¿Quién perdió Rusia?

¿Quién perdió Rusia? Este asunto se sigue discutiendo intensamente en los círculos informativos y políticos de Occidente. La pregunta parece presuponer no sólo que Rusia se perdió, sino que si alguien en el gobierno de Estados Unidos, en el FMI o en las oficinas de la UE hubiera puesto más atención o hubiera dedicado más recursos a ayudar al gobierno ruso, los resultados habrían sido mejores. Sin embargo, casi nadie piensa hoy que Occidente debió haber dado más dinero a Rusia o que debió haber ayudado a Yeltsin, y ahora a Putin, en mayor medida de lo que lo ha hecho.

La crítica contraria, apoyada por algunos de los asesores de George W. Bush, sostiene que la administración de Clinton se esforzó demasiado en ayudar, y no que lo que hizo haya sido insuficiente. Resulta contradictorio usar la frase “¿Quién perdió Rusia?” para querer decir que los EU se esforzaron demasiado en ayudar. Las críticas más duras provienen de aquéllos (incluyendo a algunos asesores de Bush) que dicen que los Estados Unidos tiraron el dinero en un barril sin fondo, en lugar de seguir la práctica de quienes combaten algunos incendios forestales, es decir, retirarse y dejar que las llamas se consuman.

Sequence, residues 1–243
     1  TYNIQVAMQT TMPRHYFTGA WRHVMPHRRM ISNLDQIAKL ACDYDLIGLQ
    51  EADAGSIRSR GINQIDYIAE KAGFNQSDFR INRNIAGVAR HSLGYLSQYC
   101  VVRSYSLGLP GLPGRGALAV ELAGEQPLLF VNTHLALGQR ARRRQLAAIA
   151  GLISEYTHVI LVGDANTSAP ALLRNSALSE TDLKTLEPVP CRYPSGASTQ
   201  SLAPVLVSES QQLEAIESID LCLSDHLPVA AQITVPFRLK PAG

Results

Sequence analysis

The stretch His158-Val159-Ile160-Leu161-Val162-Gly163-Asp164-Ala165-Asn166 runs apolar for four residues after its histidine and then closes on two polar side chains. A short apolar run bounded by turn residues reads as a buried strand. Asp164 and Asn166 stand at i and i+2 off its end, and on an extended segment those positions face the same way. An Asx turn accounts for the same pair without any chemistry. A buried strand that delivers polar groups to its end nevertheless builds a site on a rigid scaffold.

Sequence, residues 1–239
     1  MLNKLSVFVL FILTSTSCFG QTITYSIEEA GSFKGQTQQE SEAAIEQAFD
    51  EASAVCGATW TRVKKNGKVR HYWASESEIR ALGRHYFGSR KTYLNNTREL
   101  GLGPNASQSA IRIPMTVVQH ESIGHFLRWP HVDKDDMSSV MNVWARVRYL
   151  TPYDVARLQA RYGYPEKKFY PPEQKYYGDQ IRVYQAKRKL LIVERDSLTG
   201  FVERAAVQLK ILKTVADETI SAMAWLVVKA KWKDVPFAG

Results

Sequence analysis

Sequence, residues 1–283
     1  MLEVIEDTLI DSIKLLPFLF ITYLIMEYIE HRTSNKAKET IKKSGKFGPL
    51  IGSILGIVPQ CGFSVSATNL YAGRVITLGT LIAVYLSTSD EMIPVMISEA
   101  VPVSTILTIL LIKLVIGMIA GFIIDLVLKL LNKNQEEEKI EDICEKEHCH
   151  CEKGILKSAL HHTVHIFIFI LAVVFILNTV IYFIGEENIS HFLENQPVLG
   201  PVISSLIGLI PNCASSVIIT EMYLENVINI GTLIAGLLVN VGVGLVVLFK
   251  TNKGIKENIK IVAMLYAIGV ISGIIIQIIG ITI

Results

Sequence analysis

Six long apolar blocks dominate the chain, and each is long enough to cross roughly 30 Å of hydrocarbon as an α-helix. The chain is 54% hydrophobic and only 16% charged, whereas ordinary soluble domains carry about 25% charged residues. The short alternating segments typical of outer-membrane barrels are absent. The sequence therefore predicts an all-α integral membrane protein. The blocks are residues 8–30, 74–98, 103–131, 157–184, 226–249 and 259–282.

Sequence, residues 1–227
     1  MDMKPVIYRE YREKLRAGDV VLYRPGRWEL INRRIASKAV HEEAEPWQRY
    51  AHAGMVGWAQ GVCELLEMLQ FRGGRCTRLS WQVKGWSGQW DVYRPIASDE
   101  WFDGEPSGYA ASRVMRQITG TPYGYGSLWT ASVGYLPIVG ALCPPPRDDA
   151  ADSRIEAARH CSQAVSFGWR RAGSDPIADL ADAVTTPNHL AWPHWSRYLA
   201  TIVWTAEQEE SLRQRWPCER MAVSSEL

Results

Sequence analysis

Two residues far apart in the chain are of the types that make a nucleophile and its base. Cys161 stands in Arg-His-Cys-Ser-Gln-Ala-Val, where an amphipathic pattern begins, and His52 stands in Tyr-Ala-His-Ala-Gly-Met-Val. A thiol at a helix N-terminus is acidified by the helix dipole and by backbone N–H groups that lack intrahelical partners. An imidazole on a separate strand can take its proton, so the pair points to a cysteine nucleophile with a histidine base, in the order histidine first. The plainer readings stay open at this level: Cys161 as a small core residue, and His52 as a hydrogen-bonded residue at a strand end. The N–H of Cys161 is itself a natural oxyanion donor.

Dentro de todo, el enfoque paciente y calibrado de los últimos ocho años ha sido el correcto en general. Pocos estarán de acuerdo con lo anterior, probablemente ni siquiera los responsables de conducir la política rusa en los últimos años. Por ello, permítanme añadir que no estoy afirmando que las cosas estén bien en Rusia, ni que las políticas de los Estados Unidos y de Occidente hayan tenido un gran imacto positivo ahí, ni que no hay corrupción, pobreza y otros males en abundancia en toda Rusia.

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